This game follows an action game formula that was far more common in early computer gaming. While an attempt to pidgeon-hole FotFC would set it loosely in the “Action Beat ’em up” category, it doesn’t share the play conventions we typically associate in that area. Typical beat ’em ups place importance on careful positioning of your character while you strategically bob in and out of range of attacks by fairly durable enemies. FotFC is much more about quick reactions to encounters that, for the most part, come to you. As you progress, enemies and obstacles quickly leap on screen, calling upon your reflexes to either destroy or evade the threat. While terrain changes to mix up these encounters and keep them interesting, terrain hazards are rare. This mutes the platforming aspect of the game. If there are encounters which require leaping, it is because something like a spiked column or boulder suddenly flew on screen. Perhaps the best comparison I can give to a popular title is that of Kung-Fu (1985) for the NES.
For this sort of design, that plodding pace I talked about earlier is particularly common. Evasion isn’t meant to be the immediate answer to any threat. Rather, you need to decide within a moment’s time whether you need to strike at the threat or move. In some levels, you might find that progressing too quickly puts more on the screen than you can handle. The motorcycles in the third part of stage one must be jumped with careful timing. There is little room for error. If other enemies are still roaming the ground, you may corner yourself into taking a few unavoidable hits.
This changes up when it comes time for boss fights, since bosses are not so easily dispatched. Around six or seven hits are needed to put one down. Since they get a brief invulnerability period after each hit, the same as you, a rapid assault will not be very effective. In these fights, placement means everything, as your stiff joints simply cannot react fast enough. For example, Shredder will decimate you in a frontal assault. His sword can kill you in 4 hits and has better reach than your attacks. Getting in, striking, and getting out is possible; but will more likely get you shredded. Instead, leaping over and striking from behind is far more effective. Other bosses are significantly easier, and most can be defeated without even moving, should you find the right spot. The end fight with Krang is even kind of disappointing this way. You could potentially wait at the left side of the screen and simply attack him whenever he wanders near for an easy win.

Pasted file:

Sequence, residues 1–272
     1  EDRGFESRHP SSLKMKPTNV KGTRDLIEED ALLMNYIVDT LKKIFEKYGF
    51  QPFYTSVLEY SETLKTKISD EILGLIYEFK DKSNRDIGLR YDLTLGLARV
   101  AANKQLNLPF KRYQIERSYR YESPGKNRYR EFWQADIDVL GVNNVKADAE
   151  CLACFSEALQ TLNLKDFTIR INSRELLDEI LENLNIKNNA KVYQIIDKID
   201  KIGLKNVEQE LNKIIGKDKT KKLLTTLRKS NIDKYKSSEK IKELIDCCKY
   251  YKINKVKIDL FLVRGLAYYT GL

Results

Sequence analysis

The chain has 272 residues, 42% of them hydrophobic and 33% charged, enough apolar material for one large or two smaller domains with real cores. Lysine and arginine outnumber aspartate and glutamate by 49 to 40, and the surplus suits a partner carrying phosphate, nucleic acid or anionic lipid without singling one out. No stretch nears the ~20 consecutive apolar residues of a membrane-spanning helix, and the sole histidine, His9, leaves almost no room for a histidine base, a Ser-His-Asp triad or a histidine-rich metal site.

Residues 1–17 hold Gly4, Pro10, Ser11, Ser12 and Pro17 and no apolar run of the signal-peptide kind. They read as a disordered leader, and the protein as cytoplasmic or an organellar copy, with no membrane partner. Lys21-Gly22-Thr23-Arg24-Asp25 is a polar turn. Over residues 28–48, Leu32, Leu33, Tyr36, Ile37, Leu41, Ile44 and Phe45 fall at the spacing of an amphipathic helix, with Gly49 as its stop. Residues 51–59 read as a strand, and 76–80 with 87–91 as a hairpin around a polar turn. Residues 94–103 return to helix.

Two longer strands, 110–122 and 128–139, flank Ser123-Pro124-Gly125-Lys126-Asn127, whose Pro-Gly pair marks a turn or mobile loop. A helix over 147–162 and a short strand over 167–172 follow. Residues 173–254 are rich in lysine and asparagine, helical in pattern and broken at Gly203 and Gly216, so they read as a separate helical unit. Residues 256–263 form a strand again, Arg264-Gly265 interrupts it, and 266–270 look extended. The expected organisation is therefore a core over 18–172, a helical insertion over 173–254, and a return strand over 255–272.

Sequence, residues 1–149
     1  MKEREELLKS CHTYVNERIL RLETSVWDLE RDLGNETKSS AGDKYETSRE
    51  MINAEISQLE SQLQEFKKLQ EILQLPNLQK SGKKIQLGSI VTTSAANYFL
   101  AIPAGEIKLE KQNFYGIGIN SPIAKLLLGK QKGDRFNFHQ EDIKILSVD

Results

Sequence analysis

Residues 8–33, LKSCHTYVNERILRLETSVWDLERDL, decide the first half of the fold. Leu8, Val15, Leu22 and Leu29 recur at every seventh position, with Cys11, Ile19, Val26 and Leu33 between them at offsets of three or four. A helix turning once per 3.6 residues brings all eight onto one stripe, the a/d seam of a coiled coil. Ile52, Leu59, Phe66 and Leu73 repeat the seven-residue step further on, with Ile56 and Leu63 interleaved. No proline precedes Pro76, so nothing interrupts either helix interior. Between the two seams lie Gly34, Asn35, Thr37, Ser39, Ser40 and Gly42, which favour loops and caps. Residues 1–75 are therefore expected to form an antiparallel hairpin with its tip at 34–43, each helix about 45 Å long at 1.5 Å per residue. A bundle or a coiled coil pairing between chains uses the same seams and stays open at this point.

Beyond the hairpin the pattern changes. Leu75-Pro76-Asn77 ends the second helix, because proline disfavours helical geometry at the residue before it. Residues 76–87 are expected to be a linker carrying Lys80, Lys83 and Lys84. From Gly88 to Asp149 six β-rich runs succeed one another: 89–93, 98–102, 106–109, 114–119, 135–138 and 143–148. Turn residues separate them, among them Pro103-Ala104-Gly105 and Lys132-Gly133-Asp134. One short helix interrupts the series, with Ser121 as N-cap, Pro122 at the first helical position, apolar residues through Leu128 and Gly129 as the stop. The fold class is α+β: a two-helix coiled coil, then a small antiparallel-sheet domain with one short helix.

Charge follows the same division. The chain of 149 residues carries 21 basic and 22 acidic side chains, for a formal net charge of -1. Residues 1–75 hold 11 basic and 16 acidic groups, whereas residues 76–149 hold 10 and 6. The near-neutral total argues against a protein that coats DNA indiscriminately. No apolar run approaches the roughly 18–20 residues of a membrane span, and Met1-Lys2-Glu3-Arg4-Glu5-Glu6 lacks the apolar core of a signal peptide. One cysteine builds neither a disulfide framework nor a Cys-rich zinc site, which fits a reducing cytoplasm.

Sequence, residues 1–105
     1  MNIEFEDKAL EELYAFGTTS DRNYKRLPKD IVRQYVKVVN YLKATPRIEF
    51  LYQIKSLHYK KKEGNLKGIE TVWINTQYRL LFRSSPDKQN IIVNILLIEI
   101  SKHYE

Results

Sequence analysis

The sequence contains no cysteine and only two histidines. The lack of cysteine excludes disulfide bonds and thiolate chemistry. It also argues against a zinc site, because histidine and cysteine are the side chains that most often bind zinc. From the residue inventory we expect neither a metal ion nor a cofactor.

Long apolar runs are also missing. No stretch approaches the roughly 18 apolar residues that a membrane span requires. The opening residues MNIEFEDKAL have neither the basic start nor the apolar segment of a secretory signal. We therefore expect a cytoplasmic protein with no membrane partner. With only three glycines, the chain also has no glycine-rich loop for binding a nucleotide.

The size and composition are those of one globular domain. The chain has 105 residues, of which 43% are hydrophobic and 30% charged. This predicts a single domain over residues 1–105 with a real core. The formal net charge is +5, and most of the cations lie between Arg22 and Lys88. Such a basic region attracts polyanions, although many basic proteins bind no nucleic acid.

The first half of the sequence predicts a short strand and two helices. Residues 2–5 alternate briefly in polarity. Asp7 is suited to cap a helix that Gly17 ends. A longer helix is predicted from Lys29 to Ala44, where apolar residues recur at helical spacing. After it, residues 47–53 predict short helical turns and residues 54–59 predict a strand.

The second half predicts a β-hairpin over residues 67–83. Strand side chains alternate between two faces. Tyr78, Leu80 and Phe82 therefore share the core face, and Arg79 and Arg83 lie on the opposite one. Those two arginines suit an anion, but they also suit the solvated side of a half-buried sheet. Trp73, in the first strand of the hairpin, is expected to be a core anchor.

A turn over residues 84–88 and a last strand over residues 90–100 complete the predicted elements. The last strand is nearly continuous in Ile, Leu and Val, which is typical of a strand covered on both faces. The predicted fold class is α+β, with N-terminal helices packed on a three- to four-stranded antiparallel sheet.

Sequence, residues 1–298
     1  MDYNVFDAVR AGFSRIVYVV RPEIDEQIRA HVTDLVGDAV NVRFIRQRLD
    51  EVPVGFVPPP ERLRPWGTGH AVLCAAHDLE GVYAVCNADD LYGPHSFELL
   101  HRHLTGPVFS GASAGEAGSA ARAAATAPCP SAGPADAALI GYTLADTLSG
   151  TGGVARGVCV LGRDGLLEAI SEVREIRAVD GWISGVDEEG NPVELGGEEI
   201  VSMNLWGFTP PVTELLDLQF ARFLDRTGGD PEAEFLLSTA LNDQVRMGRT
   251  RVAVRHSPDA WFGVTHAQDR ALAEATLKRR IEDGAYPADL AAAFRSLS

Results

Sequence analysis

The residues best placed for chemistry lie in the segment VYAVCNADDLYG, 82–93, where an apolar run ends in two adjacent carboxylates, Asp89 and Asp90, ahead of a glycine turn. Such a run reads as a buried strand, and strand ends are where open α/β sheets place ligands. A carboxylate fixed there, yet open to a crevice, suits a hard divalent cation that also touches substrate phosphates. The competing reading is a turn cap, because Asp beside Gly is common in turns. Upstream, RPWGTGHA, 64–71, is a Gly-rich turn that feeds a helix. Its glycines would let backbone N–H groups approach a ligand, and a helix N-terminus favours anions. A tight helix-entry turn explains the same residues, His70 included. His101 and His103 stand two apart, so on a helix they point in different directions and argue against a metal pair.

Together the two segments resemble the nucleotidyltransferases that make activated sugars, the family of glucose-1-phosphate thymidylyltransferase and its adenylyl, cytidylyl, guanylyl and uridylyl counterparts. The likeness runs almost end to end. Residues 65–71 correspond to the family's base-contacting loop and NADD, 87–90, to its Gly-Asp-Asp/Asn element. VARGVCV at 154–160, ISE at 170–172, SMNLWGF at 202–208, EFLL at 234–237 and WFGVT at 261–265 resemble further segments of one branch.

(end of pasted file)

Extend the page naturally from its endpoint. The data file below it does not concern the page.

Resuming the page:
Unfortunately for the mean green fighting machines, this plodding style of action game was already on its way out, even in 1990. Games were becoming more complex and hardware was becoming more capable. The Sega Genesis/Mega Drive was out and only a year from releasing Sonic the Hedgehog, along with the “blast processing” craze. The NES was in the sweet spot of its lifespan, with games like Super Mario Bros. 3, Mega Man 3, River City Ransom, Super C and Castlevania III bringing in the new decade.
TMNT:FotFC is a great little game, for what it is (a toy franchise cash-in). With an identity as muddled as its franchise, it still manages to supply its young audience with an approachable challenge, some appealing presentation and solid gameplay. But as time goes on, it will probably be remembered more for its gentler pacing that turned off so many action gamers.